TRADE

U.S. to Cut Softwood Lumber Duties

The U.S. Commerce Department said it will comply with a NAFTA panel's order to significantly cut duties on Canadian softwood lumber. U.S. officials said they disagree with the rationale behind the ruling but respect its authority. Canada accounts for about one-third of the U.S. market for softwood, which is easily sawed pine, spruce and other wood used in building houses.

The decision means the United States will reduce the punitive duties, which average about 16 percent, to less than 1 percent. Separate antidumping tariffs averaging about 4 percent will not be affected.

No Deal Expected in Hong Kong

The United States, the European Union and other nations acknowledged that there will be no agreement on a framework for a global trade treaty next month. U.S. Trade Representative Rob Portman, who hosted a meeting in Geneva with trade ministers from the E.U., India, Japan and Brazil, said that the World Trade Organization members still could reach a deal next year and that the meeting in Hong Kong could make progress toward resolving disputes over tariffs and subsidies in farm trade, manufactured goods and services.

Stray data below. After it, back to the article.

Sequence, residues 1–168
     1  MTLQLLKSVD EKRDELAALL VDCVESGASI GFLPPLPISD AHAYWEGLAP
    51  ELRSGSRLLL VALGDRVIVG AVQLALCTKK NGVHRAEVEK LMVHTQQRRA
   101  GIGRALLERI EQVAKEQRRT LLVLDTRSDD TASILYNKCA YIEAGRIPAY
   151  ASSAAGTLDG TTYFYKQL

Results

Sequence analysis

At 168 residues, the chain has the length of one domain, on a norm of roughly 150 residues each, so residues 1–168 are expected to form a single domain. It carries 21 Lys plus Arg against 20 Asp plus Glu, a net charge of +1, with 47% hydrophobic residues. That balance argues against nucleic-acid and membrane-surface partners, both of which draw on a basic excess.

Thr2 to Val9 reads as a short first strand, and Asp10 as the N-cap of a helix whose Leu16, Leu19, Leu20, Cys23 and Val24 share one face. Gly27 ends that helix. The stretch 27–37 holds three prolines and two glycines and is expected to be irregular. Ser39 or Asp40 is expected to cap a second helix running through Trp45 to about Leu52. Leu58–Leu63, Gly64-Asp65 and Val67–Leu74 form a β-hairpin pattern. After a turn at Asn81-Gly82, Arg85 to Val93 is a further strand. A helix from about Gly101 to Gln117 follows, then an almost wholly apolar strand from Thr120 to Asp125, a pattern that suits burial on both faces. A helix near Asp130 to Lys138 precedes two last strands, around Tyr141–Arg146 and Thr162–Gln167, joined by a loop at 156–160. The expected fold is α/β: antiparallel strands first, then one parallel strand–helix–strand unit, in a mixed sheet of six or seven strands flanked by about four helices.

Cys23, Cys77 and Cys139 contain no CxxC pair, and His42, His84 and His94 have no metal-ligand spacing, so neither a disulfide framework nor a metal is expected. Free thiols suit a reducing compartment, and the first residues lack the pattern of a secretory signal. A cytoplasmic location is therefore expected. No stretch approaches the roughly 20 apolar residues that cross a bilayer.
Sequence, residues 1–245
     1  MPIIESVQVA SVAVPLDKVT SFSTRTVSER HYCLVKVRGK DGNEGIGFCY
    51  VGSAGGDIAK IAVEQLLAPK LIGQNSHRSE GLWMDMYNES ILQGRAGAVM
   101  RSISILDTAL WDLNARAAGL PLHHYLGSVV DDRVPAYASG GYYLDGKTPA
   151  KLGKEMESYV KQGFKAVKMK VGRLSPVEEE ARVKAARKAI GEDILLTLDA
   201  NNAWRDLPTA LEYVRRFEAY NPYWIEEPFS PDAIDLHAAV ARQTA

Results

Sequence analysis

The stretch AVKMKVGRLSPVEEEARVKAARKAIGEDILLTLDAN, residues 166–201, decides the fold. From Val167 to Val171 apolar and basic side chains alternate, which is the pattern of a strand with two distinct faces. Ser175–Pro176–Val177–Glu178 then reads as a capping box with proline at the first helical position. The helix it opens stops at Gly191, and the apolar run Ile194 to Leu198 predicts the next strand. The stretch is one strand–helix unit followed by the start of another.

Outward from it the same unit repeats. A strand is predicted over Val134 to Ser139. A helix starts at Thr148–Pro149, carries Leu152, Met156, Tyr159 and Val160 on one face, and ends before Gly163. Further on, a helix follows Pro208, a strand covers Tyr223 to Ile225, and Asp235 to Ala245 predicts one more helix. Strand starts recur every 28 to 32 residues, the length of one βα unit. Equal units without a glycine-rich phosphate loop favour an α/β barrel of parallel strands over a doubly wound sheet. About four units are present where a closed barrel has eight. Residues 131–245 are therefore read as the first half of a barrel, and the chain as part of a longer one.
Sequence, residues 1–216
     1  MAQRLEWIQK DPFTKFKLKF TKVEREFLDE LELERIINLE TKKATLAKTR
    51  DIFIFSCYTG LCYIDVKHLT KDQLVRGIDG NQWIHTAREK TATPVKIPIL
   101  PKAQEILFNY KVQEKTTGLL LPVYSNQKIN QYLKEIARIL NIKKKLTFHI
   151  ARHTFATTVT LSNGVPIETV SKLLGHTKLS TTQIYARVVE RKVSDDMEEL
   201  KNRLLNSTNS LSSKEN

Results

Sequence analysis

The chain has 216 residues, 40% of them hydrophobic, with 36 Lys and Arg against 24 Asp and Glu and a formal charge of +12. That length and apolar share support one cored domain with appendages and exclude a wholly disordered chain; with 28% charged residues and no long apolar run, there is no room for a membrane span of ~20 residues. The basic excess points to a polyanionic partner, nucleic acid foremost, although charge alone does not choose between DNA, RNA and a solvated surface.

EUROPEAN UNION

Advocate Opposes Airline Data-Sharing

An agreement between the European Union and the United States that allows the release of information on airline passengers to U.S. authorities should be overturned, Advocate General Philippe Leger said in an opinion.

The agreement was signed and took effect in May 2004, but the European Parliament objected, claiming that the deal did not sufficiently protect the privacy of passengers. The parliament appealed to the European Court of Justice. The court usually follows the advice of its advocate general. A judgment is expected next year. If the court annuls the deal, it would have to be renegotiated between the parties or E.U. airlines could have problems flying to the United States.

Compiled from staff and news service reports.